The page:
Please cite as:
Son, J.-B. (1998). Trends and issues in CALL research: A glance. English Linguistic Science, 1, 7-11.

Trends and Issues in CALL Research: A Glance

Jeong-Bae Son

I. Introduction

A variety of approaches to the development and use of computer-assisted language learning (CALL) have been attempted since computers have been utilised for language learning and teaching. During the past ten years, in particular, there has been a large increase in the number of publications which discuss the potential of computers in second and foreign language learning and teaching. However, there is still considerable debate about the effectiveness of CALL while researchers and practitioners investigate specific ways that CALL provides better learning. This paper briefly surveys research on CALL, addressing general trends and issues which have appeared in CALL research.

II. Research in CALL

Under the influence of the use of educational technology in language instruction, CALL has been shaped and developed since the 1960s, and, by the 1980s, it had become a rapidly expanding field (Ahmad, Corbett, Rogers & Sussex, 1985; Higgins & Johns, 1984; Underwood, 1984). Early CALL researchers introduced a number of computer applications and practical ways in which computers could be used to improve language learning and teaching, and, as Pederson (1987), Chapelle and Jamieson (1989) and Dunkel (1991b) point out, the researchers attempted to demonstrate the effectiveness of CALL by comparing learning outcomes in computer-based instruction with those in traditional classrooms. In addition, as Chapelle (1996) notes, researchers examined cognitive and affective aspects of individual learners in CALL settings during the 1980s (Chapelle & Jamieson, 1986). At the same time, early drill-and-practice CALL software began to be produced in various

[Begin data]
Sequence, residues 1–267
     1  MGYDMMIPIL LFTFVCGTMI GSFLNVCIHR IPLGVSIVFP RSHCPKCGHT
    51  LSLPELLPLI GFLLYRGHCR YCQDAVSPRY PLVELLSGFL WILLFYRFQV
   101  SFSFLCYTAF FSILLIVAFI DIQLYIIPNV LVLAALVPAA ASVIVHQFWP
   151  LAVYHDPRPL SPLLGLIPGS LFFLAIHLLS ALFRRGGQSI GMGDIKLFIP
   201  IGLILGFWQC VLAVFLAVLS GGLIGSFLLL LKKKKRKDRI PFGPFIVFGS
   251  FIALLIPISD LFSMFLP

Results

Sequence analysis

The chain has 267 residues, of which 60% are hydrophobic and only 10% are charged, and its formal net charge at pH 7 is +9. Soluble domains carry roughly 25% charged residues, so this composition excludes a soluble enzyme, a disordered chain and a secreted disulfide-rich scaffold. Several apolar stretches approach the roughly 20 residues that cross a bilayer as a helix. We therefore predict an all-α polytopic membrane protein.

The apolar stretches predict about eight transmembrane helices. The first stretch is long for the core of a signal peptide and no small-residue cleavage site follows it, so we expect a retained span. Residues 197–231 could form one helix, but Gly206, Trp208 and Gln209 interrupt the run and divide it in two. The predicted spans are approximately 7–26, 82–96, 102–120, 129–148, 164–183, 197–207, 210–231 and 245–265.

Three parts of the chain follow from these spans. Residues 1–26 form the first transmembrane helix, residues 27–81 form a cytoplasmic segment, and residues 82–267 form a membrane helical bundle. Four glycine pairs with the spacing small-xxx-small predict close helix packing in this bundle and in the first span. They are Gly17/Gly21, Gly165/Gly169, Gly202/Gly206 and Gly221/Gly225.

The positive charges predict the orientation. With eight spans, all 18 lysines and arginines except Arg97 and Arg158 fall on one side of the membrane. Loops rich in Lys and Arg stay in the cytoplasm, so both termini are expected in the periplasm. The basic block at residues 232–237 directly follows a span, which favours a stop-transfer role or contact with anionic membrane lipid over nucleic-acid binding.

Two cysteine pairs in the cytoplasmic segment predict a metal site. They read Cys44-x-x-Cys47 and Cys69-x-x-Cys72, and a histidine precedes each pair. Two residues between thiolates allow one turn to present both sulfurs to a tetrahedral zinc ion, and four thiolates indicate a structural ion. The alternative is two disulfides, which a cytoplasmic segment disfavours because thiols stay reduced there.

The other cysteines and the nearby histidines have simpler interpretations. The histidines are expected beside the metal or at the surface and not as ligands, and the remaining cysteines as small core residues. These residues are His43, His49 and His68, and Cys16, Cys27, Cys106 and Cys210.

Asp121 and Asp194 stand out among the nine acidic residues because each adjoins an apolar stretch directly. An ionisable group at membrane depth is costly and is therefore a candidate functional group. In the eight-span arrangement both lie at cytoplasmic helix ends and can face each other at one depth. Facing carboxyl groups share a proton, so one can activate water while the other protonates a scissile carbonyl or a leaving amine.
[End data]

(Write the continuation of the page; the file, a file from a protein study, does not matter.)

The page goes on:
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types such as tutorial, game and holistic practice (Wyatt, 1987).

In the discussion of CALL effectiveness, since the middle of the 1980s, a significant shift in research focus has occurred away from simple comparison between computer-assisted and non-computer-assisted language instruction, which predominated in the early stage of CALL history (see, for example, Morrison & Adams, 1968; Barrutia, 1970), to more concrete and specific research questions. Conrad (1996) synthesises these alternative directions of CALL studies as follows:

  1. the investigation of a variety of specific conditions under which CALL might be effective (Robinson, 1989, 1991),

  2. the study of learners and the strategies they employ in working with CALL materials (Chapelle & Mizuno, 1989; Jamieson & Chapelle, 1987),

  3. the analysis (both quantitative and qualitative) of computer-elicited interaction between students (Abraham & Liou, 1991; Chang & Smith, 1991),

  4. the examination of purpose, criteria, and effects of error feedback options (cf. Nyns, 1989; Robinson, 1991; Swartz & Yazdani, 1992). (p. 159)

Along with this kind of movement, Pederson (1987) urges that "comparative research that attempts to illustrate the superiority of computers over some other medium for delivering language instruction should forever be abandoned" (p. 125). Such an increased argument initiated by researchers in educational technology (Clark, 1983; Salomon, 1979) has widely and deeply expanded the views of CALL research. For example, Chapelle and Jamieson (1989) suggest that researchers should ask difficult questions about "lesson features, learning processes, and learner characteristics" in order to understand "how particular CALL materials can be used effectively in the complex second language acquisition process" (p. 59). Focusing on discourse analysis, Chapelle (1990) and Esling (1991) discuss the discourse learners produce during CALL activities. With regard to classroom research, Johnson (1991) proposes to expand CALL research to social interactional environments of the classroom.